Wednesday, 5 July 2017

CLOSED OR FRANCHISED OUT: the future looks bleak for the rural post office

This article was written in April, but because of the General Election there was a delay on the publication of Landworker magazine, which has just been released this week. 

The future of six main Post Offices in rural areas has been cast into doubt after they were named in January on a list of 37 branches to be closed and franchised. All six in Petersfield, Diss, Redruth, Lancing, Camborne and Ulverston play a major role in their local communities. 

Unite represents the interests of 730 managers  in the Post Office. Along with their colleagues in the Communication Workers Union (CWU) they took part in a series of strikes late last year in protest at job losses, the closure of a final salary pension scheme and franchising, under which ‘partners’ within retail outlets such as WH Smith are found. 

The action was taken at the same time as the Tory government, the ultimate owners of the Post Office, undertook a consultation on the future of the Post Office network and for which Unite - and many others - submitted a considered response. 

Unite expressed concerns about the failure of the Post Office ‘to deliver a clearly articulated sustainable business plan’ in which ‘the ongoing provision of quality, secure, well paid jobs, via an efficient, sustainable and sought after Post office Network, is an important component of the UK postal industry.’ 

Additionally, ‘quality of services or access to all Post Office products was not being taken into account’ such that ‘the general public are not always aware of services available’ such as banking and cash withdrawal. The impact of separating the Royal Mail in April 2012 from the Post Office has made the latter “an unsustainable business in its own right” and has resulted in a  25 per cent drop in annual income from the government from £164 million to £128 million in 2016.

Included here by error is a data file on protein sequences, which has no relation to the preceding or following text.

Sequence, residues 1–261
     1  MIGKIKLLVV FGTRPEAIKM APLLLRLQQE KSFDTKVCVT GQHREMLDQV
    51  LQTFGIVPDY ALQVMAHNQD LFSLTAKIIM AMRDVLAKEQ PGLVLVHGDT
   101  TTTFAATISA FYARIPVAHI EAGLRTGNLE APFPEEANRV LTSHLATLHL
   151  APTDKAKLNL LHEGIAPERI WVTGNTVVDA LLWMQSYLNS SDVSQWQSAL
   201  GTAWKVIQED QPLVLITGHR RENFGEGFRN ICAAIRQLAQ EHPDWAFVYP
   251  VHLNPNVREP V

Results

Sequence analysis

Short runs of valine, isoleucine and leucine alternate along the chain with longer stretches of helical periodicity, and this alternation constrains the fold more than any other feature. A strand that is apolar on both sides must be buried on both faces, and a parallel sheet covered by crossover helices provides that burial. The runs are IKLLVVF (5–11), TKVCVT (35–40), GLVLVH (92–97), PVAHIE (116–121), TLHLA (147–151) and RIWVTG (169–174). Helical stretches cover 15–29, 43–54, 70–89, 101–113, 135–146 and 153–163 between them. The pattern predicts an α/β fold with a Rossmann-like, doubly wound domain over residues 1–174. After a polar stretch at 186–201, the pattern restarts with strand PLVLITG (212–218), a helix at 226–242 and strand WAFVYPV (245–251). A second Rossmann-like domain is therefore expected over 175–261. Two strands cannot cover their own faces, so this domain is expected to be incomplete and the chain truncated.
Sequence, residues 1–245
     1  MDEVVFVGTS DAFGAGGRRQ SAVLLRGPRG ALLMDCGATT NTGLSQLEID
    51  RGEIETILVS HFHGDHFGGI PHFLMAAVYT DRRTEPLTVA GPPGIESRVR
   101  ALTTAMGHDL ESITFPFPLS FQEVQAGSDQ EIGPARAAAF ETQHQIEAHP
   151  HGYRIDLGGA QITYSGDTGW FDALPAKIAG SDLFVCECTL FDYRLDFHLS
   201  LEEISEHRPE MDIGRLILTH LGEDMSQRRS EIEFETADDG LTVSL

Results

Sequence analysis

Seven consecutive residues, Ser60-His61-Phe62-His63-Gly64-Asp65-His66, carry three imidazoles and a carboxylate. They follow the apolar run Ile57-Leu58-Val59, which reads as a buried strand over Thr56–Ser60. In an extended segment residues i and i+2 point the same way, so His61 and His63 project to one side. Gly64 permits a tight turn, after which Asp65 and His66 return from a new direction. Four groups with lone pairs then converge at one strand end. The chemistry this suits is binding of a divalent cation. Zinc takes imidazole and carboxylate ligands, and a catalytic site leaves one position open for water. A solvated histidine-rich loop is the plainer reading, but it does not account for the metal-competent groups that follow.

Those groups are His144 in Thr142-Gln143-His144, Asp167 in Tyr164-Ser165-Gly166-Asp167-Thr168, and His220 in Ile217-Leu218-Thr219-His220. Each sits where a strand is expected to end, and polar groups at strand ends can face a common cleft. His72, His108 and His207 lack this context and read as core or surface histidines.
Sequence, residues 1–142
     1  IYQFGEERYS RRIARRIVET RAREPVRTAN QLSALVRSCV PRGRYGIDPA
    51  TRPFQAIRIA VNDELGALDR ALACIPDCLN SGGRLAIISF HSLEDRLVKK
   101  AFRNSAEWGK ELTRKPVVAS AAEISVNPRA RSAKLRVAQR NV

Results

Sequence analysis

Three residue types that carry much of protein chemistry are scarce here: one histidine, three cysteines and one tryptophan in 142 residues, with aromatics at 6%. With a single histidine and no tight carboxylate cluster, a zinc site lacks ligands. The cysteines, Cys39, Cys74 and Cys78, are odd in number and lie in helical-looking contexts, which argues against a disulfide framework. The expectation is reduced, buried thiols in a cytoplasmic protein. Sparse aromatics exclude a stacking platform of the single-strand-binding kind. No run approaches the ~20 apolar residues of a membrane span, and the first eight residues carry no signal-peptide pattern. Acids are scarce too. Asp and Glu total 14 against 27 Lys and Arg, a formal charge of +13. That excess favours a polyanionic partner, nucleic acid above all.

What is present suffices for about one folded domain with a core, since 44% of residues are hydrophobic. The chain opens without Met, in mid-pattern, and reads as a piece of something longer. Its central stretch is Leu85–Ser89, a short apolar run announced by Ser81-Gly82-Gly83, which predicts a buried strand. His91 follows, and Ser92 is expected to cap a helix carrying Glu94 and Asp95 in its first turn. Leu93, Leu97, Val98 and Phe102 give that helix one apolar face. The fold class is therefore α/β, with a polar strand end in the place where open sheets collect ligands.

Yet the ink was hardly dry when the news of further franchising was announced. No timetable to find partners has been established. The Ulverston branch in Cumbria has seven employees, including one member of Unite. 

The local Barrow and Furness Labour MP John Woodcock has denounced the proposals and told Landworker, “The post office in Ulverston has stood for hundreds of years and if the local community were deprived of this vital asset it would be a disaster for the town.

“I have sought guarantees from management that the service would not be lost, and it is worrying that those assurances have not been forthcoming.

“There is clearly a strong feeling in the town that people want to post office to stay, and I will continue to campaign alongside Unite and the CWU to defend services and jobs in the weeks ahead.”

A petition drawn up by Woodcock had attracted over 5,000 by mid-March. 

Brian Scott is the Unite officer for the Post Office. "We will fight to preserve decently paid jobs and an effective, quality Post Office network. But the negative changes going on across the Post Office, along with the Government reluctance to fund Post Office services means the picture looks less than rosy, especially as state funding is set to end next year. 

"There is evidence that the quality of services and reliability in offices that have been franchised is less than that from the original Crown Office. Why? It is clear that as well as looking to pay their workers less in wages than experienced in the Post Office, there are problems with recruitment, training and retention of workers.  

"In small franchised sub Post Offices there are now longer hours than before but the owners are experiencing no increase in postal related trade. For the Post Office Network to move forward it requires a clear strategy to be developed in which franchising is re-examined,” concludes Brian. 

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